Calendula, pansies, marigolds, and dandelion all brighten up salads beautifully. The trick is to pull the petals off the flower heads and just eat the petals. When pansies are candied for cakes, that’s when the whole pansy is used.
The Johnny Jump-Up Pansy
As pretty as every member I’ve met from the pansy (Viola) genus has been, I have a soft spot for Johnny Jump-Ups (Viola tricolor). These are smaller than many other pansies, and reliably have blue-purple-indigo “ears” with yellow-gold “angel body”, making them look like little bunny angels. To me.
While all pansies are tough-as-nails little flowers, enduring the cold snaps that kill uncovered tomato plants and many other garden lovelies, Johnny Jump-Ups get their name from their stunning recovery capacity.
Get a light snow? Just brush it off the Johnny Jump-Ups and they’ll be perky by noon. Get a heavier snow? If it’s just a winter teaser and melts off in a few days, a day later, there’s the Johnny Jump-Ups, gamely advertising for any bees dawdling in the area. How could I not love such fierceness? Pansies are marvelous, and Johnny’s my favorite.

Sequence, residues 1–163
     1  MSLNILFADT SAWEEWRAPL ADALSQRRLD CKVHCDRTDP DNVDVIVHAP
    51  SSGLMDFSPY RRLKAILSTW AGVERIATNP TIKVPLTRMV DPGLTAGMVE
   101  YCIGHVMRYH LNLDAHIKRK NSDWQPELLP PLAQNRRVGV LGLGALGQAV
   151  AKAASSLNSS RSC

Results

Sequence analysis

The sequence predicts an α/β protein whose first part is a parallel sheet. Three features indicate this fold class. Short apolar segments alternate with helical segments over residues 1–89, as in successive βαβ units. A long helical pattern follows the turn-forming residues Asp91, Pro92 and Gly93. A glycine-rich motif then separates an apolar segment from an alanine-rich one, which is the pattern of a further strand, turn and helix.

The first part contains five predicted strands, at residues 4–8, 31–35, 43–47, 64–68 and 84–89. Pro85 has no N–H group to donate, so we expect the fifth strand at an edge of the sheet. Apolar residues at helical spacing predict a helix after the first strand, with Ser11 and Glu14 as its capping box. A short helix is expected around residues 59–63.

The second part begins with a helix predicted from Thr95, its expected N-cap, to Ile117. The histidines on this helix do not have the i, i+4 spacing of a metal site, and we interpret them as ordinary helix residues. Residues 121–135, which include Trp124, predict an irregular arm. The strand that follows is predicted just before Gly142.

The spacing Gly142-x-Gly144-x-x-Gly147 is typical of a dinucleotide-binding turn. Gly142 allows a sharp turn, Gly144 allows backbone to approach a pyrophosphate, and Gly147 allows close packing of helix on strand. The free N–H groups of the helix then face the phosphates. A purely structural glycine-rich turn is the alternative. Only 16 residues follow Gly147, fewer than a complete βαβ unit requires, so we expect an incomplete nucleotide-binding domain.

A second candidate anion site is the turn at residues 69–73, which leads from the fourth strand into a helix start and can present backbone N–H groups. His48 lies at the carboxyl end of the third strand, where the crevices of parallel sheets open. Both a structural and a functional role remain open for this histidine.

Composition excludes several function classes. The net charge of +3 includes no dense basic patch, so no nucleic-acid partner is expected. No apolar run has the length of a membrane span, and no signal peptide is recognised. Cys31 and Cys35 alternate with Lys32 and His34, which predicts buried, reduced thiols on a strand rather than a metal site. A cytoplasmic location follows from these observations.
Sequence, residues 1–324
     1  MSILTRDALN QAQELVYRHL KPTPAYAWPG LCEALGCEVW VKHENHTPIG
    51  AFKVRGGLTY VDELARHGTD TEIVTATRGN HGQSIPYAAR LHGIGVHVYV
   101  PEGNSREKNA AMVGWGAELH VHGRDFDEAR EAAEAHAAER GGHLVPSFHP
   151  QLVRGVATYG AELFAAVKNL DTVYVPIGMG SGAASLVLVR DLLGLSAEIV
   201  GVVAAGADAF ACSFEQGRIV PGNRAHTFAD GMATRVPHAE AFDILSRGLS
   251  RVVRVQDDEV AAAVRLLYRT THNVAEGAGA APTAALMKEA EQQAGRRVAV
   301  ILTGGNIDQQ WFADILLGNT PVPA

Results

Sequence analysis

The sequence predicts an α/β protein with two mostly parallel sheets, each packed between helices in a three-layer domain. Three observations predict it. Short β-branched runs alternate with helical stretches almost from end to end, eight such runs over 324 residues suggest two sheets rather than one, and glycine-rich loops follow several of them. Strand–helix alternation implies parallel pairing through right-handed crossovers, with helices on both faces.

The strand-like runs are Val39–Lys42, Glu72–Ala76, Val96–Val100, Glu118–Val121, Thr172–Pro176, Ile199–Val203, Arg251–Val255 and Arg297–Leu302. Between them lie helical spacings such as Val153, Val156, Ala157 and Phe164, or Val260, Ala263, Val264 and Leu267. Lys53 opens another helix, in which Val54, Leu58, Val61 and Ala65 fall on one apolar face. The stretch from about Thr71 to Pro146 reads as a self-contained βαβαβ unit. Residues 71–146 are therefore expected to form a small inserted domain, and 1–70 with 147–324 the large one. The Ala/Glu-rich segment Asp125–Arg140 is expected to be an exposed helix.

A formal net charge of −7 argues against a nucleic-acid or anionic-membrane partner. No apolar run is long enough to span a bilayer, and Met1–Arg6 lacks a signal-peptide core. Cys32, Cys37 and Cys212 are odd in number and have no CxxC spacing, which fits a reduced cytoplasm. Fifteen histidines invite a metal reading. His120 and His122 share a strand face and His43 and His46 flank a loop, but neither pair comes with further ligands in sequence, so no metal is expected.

Viola Genus? Does That Include Violets?
The Viola genus includes pansies, violas, violets, Johnny Jump-Ups, and several hundred hybrids. While I feel fine eating the cute little wild violets that grow in the yard, I have zero clue about the edibility of more far ranging members like Heartease.
African violets, the fuzzy darlings that grace so many kitchen window sills in temperate North America, are an entirely different genus and should NOT be eaten.
Thank you to the blog Au Naturelle for the image.